Sara Colangelo was the HBIC of this American adaptation of the 2014 Israeli film of the same name. She directs the enigmatic Maggie Gyllenhaal as a kindergarten teacher who becomes obsessed with the talent of one of her students — a 5 year old savant poet. Sara builds an uneasy tension throughout, with loads of moody scenes featuring a disheveled Maggie on the Staten Island Ferry, all underscored with pulsing violins. It’s somewhat sexy and dangerous. There’s poetry. Watch it on Netflix, the service that seems to be streaming all of these female-directed films.

Can You Ever Forgive Me?
Marielle Heller should have an Oscar nomination for directing this film, as it was the most obvious choice overlooked. Based on the life of writer Lee Israel, Marielle directs Melissa McCarthy in this story of a down and out biography writer, who begins to forge historical letters from other famous authors, that she then sells for quick cash. This movie has heart, hijinks, and Marielle pulled off something special — making forgery, the least sexy crime of all time — into something wicked and thrilling to watch. She will be making more movies, no doubt, but this one is a palatable period piece, and pretty good, which is usually Oscar bait, but alas!

Night Comes On
Jordana Spiro is fresh out the gate with her first feature, a 2018 Sundance debut. She wrote Night Comes On with Angelica Nwandu, founder of The Shade Room, for the Insta fans out there! This movie is about Angel, a teenager recently released from a juvenile detention center, who journeys to confront her father, a man who went un-convicted for the murder of Angel’s mother. The story sounds heavy, and it is, but Jordana is directing it with a lighter touch and a deep-seated compassion. She cast Dominique Fishback, a star that brings her effervescence and natural tenderness. Picture shots of long quiet bus rides across Pennsylvania and lots of dreamy, detailed close ups. Jordana is talented, so let’s hop on board people. Watch her short film “Skin” for more proof!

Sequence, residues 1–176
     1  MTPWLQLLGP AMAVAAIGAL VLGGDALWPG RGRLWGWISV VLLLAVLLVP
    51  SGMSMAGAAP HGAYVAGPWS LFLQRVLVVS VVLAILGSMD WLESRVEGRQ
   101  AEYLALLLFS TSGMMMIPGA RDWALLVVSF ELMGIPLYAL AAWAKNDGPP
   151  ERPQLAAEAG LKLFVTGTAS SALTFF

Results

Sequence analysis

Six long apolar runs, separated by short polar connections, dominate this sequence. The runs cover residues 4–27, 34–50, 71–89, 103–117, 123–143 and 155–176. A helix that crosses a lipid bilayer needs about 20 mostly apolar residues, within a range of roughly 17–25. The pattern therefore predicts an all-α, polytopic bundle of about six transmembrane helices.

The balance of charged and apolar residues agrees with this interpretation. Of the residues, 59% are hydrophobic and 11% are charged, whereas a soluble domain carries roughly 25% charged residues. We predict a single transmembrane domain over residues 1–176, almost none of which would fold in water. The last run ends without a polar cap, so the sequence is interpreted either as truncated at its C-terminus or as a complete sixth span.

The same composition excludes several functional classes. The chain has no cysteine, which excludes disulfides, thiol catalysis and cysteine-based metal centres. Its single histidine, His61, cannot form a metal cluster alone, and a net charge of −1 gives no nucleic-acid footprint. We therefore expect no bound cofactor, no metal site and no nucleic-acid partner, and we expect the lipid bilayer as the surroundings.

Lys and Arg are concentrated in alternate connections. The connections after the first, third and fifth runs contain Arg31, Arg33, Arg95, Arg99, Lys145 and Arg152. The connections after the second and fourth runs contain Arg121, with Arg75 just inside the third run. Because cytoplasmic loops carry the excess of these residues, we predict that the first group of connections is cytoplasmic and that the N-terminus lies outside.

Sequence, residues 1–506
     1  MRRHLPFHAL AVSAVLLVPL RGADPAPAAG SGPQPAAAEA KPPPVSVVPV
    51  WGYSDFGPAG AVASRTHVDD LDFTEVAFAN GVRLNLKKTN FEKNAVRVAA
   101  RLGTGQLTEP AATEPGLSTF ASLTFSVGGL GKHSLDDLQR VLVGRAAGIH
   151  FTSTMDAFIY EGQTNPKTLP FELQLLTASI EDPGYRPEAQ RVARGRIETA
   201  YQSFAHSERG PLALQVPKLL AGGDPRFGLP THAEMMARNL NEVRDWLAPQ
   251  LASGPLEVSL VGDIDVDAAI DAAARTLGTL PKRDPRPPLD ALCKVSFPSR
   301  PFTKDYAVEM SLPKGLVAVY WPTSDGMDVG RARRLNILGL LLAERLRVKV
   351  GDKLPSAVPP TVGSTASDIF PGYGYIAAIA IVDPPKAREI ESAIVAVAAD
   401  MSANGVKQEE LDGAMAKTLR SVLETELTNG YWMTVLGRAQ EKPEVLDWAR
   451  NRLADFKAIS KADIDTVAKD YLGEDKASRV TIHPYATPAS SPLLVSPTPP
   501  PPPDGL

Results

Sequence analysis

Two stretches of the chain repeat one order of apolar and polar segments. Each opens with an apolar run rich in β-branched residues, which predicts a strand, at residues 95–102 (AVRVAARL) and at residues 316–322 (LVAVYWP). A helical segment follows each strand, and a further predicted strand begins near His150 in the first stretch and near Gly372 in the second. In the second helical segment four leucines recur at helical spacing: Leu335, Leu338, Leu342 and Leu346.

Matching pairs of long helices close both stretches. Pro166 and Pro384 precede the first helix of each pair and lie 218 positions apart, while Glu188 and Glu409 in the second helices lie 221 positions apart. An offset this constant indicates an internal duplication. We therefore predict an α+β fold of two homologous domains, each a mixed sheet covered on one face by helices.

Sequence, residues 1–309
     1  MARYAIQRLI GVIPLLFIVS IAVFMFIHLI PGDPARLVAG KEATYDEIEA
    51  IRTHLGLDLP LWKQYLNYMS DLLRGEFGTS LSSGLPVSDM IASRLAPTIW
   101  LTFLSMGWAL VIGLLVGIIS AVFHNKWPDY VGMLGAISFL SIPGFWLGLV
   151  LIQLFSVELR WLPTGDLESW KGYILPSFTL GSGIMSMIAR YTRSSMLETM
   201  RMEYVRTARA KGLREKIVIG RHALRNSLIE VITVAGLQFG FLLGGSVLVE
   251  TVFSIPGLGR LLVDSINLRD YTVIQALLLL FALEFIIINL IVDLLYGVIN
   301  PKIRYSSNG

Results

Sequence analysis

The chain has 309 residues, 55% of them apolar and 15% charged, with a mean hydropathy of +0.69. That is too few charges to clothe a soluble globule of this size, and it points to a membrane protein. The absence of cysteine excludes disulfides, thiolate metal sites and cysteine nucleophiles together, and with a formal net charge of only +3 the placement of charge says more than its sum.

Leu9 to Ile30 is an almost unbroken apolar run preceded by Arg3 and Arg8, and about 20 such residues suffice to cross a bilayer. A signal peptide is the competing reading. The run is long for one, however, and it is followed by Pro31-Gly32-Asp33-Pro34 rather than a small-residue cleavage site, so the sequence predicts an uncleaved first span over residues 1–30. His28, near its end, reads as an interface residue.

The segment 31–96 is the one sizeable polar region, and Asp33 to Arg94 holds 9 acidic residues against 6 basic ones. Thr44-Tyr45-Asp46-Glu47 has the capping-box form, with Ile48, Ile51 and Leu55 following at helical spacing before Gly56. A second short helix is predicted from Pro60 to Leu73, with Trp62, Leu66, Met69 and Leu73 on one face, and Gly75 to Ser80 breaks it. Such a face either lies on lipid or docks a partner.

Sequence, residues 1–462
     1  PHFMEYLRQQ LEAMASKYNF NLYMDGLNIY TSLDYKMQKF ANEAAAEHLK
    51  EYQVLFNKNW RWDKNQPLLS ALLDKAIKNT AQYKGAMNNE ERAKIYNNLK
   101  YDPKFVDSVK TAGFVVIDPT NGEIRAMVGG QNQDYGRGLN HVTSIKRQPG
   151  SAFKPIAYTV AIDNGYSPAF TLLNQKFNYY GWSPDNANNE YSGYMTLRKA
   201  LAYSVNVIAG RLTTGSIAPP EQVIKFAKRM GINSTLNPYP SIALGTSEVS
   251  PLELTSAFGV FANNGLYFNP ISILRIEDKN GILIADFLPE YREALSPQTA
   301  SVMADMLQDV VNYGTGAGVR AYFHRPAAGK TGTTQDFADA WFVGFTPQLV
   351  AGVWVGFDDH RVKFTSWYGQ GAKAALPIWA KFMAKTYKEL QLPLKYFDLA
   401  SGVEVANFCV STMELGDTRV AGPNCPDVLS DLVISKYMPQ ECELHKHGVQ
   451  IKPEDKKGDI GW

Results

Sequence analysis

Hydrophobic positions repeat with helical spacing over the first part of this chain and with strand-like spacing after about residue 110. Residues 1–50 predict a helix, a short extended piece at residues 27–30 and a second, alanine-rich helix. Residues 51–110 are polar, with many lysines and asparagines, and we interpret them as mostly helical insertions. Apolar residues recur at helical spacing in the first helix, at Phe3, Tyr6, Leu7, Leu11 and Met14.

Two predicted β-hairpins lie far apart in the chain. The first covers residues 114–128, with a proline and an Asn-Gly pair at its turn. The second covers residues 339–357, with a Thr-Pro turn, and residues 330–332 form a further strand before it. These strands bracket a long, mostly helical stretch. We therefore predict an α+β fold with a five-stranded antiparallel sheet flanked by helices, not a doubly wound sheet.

High Life
Buckle your seat belts for High Life, directed by Claire Denis, the queen of all queens. You can prepare by watching Beau Travail, another brilliant movie of hers, in advance of her latest one that got scooped up by A24 and will hit theaters in April 2019. High Life played at TIFF and NYFF in 2018, and it. is. epic. Plus it has Andre 3000??? If you watch Claire’s work, you will realize that everyone, including men directing movies, just wish they were her. But they’re not, so they just screenshot her work for their lookbooks and try anyways. She is French. She is badass. She is truly a legend.

female directors
Private Life
Claire Denis
high life
jordana spiro
Debra Granik
alice rohrwacher
marielle heller
the kindergarten teacher
josephine decker
madeline's madeline
Cathy Yan
leave no trace
dead pigs
Happy as Lazzaro
the rider
chloe zhao
tamara jenkins
little woods
nia dacosta
sara colangelo
can you ever forgive me
night comes on